In a very real sense, I think, therefore, it’s the inevitable conclusion of any intelligent civilization that may have existed elsewhere to evolve itself to a point of permanent stagnation and death - whether by achieving ‘world peace’ via the perfect diffusion of all societal differences and the dissolution of all barriers and thereby ceasing to evolve/live; or by nuking itself to death in the pursuit of surviving in the face of adversity; or perhaps alternatively by simply becoming lucid enough to realize this inevitability and consciously deciding to opt out of evolution, instead accepting its death and just enjoying life as best it can before it’s over.
Our technology, itself an inevitable outcropping of what it means to be human, is also the means by which we will commit suicide in some form or another. Perhaps the only brief respite from this future is to realize that it is our pain that defines our joy. The more we suffer, the more we can appreciate the end of suffering. Humans have to learn to cry - screaming their way out of the womb - before they can learn to smile. Instead of trying to solve problems everywhere we see, we could embrace the problems we have. Realize that they are what make us alive at all. Living the worst moments as intensely as we can, crying and screaming with all our heart, so we can re-experience what it means to be happy. Tumbling screaming into the void. If we are destined to all die, we might as well die kicking, fighting, scrambling and biting - while being thankful for the pain we receive along the way, instead of complaining about it. And perhaps, at the highest level of enlightenment, setting forth to create our own misery - taking what love and just destroying it.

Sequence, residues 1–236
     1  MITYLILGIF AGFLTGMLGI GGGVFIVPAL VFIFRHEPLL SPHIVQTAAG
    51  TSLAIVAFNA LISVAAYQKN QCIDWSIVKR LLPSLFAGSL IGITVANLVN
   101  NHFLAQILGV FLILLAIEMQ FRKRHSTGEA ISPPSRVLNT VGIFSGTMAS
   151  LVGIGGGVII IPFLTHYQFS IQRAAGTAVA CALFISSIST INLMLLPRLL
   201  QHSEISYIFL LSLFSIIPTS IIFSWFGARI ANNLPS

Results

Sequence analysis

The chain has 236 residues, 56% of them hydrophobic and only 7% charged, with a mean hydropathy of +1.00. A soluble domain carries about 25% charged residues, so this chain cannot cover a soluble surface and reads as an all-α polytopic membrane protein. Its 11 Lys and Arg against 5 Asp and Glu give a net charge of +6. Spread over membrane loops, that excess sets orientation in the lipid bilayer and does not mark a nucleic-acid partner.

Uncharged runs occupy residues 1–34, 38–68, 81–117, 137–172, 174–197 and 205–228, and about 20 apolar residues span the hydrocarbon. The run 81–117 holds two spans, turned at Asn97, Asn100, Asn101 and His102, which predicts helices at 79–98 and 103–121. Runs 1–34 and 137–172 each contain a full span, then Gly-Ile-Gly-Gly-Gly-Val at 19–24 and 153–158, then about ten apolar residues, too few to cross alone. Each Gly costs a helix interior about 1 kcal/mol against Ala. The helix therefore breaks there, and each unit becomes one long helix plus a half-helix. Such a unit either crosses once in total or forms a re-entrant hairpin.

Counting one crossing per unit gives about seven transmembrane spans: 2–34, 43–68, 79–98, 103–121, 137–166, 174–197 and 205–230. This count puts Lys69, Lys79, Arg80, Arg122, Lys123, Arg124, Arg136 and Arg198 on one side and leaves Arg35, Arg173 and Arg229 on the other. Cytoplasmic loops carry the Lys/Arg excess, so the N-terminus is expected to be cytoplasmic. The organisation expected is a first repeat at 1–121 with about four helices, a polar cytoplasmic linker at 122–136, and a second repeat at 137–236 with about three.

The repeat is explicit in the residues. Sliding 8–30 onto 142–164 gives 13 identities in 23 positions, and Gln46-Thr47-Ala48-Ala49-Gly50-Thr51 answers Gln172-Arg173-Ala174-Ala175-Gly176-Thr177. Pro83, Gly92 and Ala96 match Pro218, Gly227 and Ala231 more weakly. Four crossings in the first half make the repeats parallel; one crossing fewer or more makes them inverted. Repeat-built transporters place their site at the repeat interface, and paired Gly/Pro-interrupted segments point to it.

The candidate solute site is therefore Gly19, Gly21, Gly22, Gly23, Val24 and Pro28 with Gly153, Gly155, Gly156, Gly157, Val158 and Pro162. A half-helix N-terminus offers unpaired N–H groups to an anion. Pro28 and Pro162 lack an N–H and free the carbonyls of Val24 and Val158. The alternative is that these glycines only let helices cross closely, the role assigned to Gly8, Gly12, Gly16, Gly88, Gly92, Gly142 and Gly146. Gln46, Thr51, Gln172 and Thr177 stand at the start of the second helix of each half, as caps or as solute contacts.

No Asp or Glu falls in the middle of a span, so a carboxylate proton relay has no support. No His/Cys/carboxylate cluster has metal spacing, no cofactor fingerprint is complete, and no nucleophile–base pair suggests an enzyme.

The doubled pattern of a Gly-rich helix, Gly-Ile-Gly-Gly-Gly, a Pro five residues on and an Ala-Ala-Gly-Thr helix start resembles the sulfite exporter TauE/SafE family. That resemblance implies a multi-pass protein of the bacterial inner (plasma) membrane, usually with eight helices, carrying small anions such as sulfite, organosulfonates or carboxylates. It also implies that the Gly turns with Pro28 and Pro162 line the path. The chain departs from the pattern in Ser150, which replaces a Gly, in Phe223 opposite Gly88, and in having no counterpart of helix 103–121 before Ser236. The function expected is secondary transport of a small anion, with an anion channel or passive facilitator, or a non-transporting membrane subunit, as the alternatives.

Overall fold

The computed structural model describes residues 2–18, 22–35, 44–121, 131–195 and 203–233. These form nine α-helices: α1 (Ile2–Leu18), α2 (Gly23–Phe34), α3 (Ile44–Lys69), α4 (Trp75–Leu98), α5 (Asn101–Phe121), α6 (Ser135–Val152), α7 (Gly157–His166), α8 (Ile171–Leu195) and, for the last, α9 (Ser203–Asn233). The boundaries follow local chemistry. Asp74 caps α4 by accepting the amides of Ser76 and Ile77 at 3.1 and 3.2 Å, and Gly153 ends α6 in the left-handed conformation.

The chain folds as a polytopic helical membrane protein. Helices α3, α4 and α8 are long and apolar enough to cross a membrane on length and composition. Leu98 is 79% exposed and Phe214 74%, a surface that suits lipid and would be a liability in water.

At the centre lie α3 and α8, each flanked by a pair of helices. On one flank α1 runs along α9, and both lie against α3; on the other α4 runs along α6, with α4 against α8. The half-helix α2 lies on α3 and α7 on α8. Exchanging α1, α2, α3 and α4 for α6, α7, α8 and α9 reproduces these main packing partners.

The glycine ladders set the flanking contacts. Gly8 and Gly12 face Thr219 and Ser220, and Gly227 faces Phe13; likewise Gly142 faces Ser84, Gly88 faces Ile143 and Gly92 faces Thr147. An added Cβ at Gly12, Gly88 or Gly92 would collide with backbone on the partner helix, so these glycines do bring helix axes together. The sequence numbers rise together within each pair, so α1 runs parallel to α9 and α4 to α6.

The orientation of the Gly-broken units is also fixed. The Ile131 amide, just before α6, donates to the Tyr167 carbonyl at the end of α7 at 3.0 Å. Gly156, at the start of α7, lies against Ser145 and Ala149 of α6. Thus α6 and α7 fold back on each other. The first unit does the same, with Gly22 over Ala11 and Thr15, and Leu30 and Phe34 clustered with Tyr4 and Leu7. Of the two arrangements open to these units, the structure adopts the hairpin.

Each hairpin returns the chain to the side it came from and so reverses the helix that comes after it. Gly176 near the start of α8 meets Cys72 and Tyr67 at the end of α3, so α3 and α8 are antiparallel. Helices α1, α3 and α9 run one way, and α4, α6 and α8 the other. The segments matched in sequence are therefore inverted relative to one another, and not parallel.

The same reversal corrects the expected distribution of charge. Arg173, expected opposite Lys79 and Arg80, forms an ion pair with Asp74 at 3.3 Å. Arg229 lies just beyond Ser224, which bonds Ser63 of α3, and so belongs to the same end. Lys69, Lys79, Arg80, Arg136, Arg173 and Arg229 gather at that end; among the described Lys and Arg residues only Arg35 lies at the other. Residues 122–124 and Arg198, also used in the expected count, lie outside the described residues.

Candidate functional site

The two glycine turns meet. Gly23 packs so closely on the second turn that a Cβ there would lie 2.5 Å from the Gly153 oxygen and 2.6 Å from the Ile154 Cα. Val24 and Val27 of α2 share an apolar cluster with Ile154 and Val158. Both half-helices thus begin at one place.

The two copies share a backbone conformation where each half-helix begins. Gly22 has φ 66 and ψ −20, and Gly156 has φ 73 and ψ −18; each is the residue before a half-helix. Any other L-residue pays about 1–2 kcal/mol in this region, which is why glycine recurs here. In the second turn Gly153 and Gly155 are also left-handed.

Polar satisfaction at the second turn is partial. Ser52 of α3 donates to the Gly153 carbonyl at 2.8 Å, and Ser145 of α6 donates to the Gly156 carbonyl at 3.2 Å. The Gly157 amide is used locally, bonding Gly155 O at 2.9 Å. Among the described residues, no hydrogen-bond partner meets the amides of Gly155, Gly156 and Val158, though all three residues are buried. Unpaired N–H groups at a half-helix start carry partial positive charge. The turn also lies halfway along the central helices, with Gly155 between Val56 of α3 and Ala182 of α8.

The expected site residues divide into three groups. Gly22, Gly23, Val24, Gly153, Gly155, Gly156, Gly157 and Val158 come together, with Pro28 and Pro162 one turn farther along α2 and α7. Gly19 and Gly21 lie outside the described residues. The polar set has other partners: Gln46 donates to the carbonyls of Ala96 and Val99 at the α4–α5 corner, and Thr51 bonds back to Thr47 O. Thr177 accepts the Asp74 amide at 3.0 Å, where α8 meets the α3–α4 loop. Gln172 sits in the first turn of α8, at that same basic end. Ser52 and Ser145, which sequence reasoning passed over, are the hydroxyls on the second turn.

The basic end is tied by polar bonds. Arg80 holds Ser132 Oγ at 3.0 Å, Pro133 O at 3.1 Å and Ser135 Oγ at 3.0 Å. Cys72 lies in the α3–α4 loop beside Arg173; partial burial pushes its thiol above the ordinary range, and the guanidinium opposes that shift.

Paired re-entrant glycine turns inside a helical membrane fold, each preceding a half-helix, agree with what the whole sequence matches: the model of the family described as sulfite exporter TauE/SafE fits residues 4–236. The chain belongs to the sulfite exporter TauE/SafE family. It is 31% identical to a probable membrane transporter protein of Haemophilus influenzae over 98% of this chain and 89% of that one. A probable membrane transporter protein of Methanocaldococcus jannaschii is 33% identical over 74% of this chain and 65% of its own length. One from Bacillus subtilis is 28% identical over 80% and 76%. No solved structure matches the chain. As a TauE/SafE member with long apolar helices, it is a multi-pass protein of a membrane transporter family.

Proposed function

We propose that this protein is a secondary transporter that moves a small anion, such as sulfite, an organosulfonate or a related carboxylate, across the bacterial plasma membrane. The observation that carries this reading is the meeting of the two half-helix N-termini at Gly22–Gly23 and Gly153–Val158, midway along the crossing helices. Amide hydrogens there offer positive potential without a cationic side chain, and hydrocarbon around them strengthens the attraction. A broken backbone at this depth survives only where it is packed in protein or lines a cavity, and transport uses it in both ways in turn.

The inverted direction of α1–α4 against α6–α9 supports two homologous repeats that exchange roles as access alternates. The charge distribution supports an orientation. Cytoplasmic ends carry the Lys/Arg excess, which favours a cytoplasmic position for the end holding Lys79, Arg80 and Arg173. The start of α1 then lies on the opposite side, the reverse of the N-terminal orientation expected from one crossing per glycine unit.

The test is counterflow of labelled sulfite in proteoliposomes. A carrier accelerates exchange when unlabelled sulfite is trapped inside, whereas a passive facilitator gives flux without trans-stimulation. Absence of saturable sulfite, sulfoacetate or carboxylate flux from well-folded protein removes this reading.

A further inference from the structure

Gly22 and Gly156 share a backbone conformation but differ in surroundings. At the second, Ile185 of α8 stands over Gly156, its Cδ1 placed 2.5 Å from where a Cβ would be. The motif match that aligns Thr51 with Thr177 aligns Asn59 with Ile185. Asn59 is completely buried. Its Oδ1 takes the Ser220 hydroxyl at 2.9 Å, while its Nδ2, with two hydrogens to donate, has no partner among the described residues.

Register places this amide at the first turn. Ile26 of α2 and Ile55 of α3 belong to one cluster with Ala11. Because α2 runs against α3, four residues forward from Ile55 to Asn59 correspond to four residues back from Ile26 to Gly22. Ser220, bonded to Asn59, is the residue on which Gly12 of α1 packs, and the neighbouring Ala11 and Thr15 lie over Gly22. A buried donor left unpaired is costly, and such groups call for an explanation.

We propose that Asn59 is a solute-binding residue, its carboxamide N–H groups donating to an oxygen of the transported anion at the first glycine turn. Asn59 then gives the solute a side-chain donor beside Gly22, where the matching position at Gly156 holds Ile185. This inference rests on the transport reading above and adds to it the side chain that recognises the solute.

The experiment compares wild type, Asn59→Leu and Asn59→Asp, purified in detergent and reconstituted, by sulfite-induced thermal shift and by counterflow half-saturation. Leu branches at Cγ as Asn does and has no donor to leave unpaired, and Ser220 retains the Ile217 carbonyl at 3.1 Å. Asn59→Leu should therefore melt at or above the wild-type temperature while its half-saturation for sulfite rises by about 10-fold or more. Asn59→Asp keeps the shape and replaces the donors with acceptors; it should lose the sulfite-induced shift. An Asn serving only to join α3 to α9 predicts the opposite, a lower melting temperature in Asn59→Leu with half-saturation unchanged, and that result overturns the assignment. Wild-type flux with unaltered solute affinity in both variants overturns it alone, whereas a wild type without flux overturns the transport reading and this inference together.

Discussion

Not that I’d be capable of that, anyway. I’m a prisoner stuck in the trap of a desire for comfort like the rest of us. The prison that will kill us all with its gentle embrace of ever-increasing convenience, comfort and laziness.
You may be tempted to think “Oh, I don’t desire immortality, so this doesn’t apply to me!”, but I believe that is a common misconception. Fundamentally, we all desire immortality. It’s built into our very sense of what it means to enjoy something. Our core emotions, indeed our very way of processing reality, is built upon the fear of death and the reward of anything that forestalls it. Every comfort you feel compelled to seek out is, transitively, an attempt to extend your lifespan - and the ubiquitousness of comfort-providing technology in our society is a clear testament to that fact. If you truly didn’t desire immortality, you would already have killed yourself by not having a will to wake up and eat.↩